Access to Care
Increasing access to healthcare is essential to increasing the health of communities, expanding health equity, and increasing quality of life. Access to healthcare is not limited to having health insurance, it includes being able to access services through timely appointments, finding healthcare providers that the patient can communicate with, accessing the treatments or testing needed to maintain or increase health, and being able to understand health information that is being provided. Individuals that do not have health insurance are less likely to receive medical care and more likely to experience adverse health outcomes.
Access to Care Data Overview
Check out the points below for the main takeaways from this page.
• 92% of Nashua residents have health insurance coverage. Of those residents with healthcare coverage, approximately 30% have public coverage.
• In Hillsborough County, there are 85 primary care physicians, 261 mental health providers, and 77 dentists per every 100k people.
• In 2018, there were 53 preventable hospital stays per 1,000 medicare enrollees in Hillsborough County.
Health insurance coverage is one of the key indicators used to determine if a population is seeking and/or receiving care. If an individual does not have health insurance coverage, they may be more likely to suffer adverse health outcomes due to inability to seek treatment or preventative services.
Availability of Preventative Services
Access to care is not limited to financial coverage, but also includes physical access to healthcare services and providers. Access to preventative services is overall a good indicator of the health status of a community. The more equitable preventative care available, the higher the reduction in adverse health outcomes. The maps below represent data from the Robert Wood Johnson Foundation's County Health Rankings, which show the number of providers per 100,000 people.
Primary Care Physicians
Primary care physicians represented in the map on the left include practicing non-federal physicians (M.D.s
and D.O.s) under the age of 75, specializing in general practice medicine,
family medicine, internal medicine, and pediatrics.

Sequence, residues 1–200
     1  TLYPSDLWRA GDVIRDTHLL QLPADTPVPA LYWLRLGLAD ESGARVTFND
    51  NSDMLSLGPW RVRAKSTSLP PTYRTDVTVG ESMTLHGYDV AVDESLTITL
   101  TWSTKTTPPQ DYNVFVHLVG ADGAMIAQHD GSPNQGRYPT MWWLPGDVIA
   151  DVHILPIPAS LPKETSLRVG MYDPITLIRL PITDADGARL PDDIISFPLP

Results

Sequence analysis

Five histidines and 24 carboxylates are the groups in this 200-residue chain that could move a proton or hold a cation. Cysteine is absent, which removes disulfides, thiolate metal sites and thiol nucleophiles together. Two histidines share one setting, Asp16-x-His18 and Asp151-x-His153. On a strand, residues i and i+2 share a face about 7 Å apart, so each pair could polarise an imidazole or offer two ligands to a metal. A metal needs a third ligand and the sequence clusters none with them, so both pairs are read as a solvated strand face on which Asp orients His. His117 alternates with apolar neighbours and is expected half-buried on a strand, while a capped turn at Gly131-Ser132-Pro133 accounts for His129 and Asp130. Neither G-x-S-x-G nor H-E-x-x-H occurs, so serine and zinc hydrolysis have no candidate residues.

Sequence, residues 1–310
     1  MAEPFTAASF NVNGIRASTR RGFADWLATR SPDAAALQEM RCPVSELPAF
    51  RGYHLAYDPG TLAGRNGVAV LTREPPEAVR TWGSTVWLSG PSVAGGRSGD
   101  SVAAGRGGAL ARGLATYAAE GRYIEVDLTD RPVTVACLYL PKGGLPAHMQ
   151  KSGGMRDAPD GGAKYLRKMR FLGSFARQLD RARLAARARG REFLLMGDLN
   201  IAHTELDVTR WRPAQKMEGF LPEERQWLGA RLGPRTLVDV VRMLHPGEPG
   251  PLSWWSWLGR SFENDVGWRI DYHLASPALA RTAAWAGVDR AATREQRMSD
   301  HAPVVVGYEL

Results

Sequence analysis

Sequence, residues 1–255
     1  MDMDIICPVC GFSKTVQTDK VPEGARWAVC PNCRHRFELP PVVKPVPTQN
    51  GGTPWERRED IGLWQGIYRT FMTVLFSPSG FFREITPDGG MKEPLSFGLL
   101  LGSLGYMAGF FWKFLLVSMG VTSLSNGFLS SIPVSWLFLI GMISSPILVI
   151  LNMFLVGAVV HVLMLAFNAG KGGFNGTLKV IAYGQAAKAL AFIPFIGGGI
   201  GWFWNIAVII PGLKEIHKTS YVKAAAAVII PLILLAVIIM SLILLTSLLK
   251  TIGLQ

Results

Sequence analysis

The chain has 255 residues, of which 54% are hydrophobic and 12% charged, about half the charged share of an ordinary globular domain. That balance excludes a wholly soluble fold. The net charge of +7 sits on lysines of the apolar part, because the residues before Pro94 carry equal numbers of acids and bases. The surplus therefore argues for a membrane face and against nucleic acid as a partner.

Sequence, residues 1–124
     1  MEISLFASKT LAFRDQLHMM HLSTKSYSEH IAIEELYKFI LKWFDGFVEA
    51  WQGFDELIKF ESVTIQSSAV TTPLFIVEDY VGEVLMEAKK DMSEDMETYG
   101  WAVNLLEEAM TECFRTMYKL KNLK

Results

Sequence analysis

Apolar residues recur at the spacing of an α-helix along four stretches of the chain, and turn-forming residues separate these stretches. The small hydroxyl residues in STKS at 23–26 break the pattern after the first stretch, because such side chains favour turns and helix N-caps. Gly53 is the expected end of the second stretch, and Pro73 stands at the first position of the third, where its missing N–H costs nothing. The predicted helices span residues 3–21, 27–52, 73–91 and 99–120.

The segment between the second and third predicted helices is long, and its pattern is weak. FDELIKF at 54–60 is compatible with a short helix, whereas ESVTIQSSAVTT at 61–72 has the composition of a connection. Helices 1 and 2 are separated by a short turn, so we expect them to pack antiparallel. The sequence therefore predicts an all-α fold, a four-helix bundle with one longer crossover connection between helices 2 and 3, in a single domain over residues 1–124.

Primary care providers are essential in the early detection and treatment of disease, chronic disease management, and general preventative care (flu shots, blood pressure screenings, cancer screenings, etc).
Mental Health Providers
Mental health providers represented in the map to the left include psychiatrists, psychologists, licensed clinical social workers, counselors, marriage and family therapists, and mental health providers that treat alcohol and other drug abuse, as well as advanced practice nurses specializing in mental health care.
The map on the left is a representation of registered dentists with a National Provider Identification.
Untreated dental disease can lead to serious health effects including pain, infection, and tooth loss. Although lack of sufficient providers is only one barrier to accessing oral health care, much of the country suffers from shortages.
Preventable Hospital Stays
A preventable hospital stay is defined by the Robert Wood Johnson Foundation as any Medicare beneficiaries ages 18 years or older that was hospitalized for any of the following reasons: diabetes with short or long-term complications, uncontrolled diabetes without complications, diabetes with lower-extremity amputation, chronic obstructive pulmonary disease, asthma, hypertension, heart failure, dehydration, bacterial pneumonia, or urinary tract infection.
Continuing to increase access to healthcare is vital to having a healthy and vibrant community. Healthcare and health insurance is in an ever-changing state of flux and it is increasing more important that we work together to leverage resources, increase health literacy, and ensure people are accessing preventative services.
Health Equity & Access to Care
A person's health can be seriously impacted by their race, ethnicity, gender, income level, education, and other socioeconomic factors. In regards to access to care...
• In the U.S., there are significant racial disparities in access to health coverage. 30 million people are uninsured and approximately half are people of color (Brookings).
• Since 2014, when the Affordable Care Act required core coverage, uninsured rates fell across all racial and ethnic groups, with the biggest gains among Black and Hispanic people (Brookings).
• NH has more residents covered by health insurance than most states in the southern and western parts of the U.S., however, NH residents with less education, lower incomes, and younger ages are more likely to lack a health care plan (2014 CHA).
• 66% of NH women age 40 and older in the lowest income levels reported that they had mammograms in the past two years. 67% of NH women age 40 and older in the lowest education levels reported that they had mammograms in the past two years. These women represent a subgroup of women who are either uninsured or underinsured and might not be able to afford a mammogram (NH DHHS).